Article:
Soni v. University of Tennessee

513 F.2d 347 (1975)

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Soni v. University of Tennessee

United States Court of Appeals for the Sixth Circuit
513 F.2d 347 (1975)

Facts

Dr. Raj P. Soni (plaintiff) was a visiting professor of mathematics at the University of Tennessee (Tennessee) (defendant). Soni had numerous discussions with John Barrett, the department head, about the possibility of receiving tenure with Tennessee. Soni was told that a decision about his employment would be made the following year. Shortly after, Barrett wrote a recommendation letter for Soni, in which he recommended that Soni be offered an associate professorship with tenure. Less than a month later, Donald Dessart, the acting head of the department, called a meeting to consider Soni’s employment. At the meeting, it was pointed out that Soni, a noncitizen, could not be appointed to a permanent position because of a state law barring noncitizens from full-time appointments at state universities. No formal vote took place at the meeting. Soni’s status was officially changed from a full-time visiting professor to an associate professor. Soni received a letter informing him that he would be considered for tenure upon attaining citizenship. Soni was enrolled in the retirement program, which was reserved for permanent faculty, and he was promised that he would be treated like any other tenured professor. For the next two years, Soni continued teaching and had many privileges reserved for tenured professors, such as attending department meetings and voting on tenure appointments. Faculty members offered Soni verbal assurances. Soni eventually obtained citizenship, but Tennessee terminated his appointment because of his performance as a teacher and researcher. There was no hearing conducted. Soni sued Tennessee, alleging a violation of procedural due process. A trial court ruled in Soni’s favor, finding that he had a cognizable property interest in his continued employment. Tennessee appealed, emphasizing that it had a formal tenure system in place to ensure that nontenured professors would not have an expectation of continued employment.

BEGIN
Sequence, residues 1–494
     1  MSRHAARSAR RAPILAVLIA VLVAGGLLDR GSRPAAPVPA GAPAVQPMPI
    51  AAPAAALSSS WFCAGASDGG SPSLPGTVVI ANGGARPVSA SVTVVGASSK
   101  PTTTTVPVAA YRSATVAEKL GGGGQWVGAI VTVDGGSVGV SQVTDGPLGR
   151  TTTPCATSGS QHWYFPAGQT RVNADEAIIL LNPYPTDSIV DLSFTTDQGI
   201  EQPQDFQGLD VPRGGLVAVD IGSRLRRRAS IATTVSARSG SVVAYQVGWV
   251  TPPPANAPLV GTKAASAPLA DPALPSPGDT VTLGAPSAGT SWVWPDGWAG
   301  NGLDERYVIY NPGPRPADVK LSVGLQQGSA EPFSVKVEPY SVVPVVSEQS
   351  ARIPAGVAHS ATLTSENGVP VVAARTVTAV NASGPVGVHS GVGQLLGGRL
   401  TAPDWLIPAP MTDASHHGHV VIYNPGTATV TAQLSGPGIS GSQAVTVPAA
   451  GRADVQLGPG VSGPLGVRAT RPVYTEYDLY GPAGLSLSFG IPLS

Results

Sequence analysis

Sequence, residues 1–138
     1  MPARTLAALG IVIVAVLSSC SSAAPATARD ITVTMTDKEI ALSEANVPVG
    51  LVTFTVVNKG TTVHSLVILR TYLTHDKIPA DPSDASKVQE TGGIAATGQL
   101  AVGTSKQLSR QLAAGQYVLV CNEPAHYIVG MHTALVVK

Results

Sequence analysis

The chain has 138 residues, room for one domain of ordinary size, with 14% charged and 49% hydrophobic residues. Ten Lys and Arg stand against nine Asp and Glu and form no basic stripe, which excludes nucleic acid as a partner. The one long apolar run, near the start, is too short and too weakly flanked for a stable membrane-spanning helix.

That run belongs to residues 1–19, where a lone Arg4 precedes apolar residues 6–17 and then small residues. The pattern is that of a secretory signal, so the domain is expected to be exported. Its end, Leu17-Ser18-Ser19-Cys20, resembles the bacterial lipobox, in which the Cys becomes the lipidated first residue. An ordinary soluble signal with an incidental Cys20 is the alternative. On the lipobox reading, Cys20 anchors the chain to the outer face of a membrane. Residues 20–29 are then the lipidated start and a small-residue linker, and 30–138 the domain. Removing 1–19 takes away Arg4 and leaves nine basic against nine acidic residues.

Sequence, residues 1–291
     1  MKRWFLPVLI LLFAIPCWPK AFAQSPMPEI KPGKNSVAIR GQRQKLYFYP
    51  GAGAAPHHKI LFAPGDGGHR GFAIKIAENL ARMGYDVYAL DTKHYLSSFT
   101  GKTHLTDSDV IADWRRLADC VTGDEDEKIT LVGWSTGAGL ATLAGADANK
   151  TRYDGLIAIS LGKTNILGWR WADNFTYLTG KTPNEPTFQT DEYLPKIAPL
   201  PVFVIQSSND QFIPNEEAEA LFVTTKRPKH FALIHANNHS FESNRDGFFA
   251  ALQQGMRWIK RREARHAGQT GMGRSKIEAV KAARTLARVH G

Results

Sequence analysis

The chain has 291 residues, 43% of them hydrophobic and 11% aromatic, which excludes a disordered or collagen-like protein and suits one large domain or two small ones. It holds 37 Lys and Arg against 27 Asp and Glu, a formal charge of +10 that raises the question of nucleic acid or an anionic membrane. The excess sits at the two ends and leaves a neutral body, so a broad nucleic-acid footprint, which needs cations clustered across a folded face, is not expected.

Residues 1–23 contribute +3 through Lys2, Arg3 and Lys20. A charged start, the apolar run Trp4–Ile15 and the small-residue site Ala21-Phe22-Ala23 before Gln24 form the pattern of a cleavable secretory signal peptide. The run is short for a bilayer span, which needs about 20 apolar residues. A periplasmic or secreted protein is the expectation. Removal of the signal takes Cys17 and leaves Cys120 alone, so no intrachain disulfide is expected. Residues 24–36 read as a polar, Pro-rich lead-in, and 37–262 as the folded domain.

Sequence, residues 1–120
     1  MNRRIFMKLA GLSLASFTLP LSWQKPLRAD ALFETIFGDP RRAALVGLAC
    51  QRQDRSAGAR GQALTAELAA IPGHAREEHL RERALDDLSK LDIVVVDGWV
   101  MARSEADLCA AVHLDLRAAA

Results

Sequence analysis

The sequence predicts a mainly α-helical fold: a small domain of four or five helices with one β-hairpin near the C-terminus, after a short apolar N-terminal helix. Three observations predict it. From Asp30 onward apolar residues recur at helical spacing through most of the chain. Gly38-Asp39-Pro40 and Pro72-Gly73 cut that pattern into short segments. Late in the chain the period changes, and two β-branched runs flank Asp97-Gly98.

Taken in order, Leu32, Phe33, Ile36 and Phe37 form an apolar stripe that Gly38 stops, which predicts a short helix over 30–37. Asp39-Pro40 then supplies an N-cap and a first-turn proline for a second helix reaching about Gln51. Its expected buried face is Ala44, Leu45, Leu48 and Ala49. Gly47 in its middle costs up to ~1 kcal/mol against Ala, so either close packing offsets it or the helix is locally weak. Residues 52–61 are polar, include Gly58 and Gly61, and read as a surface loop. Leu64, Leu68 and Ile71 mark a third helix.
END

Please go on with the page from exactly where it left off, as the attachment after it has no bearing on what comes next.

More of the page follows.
Rule of Law

Issue

Holding and Reasoning (Phillips, C.J.)

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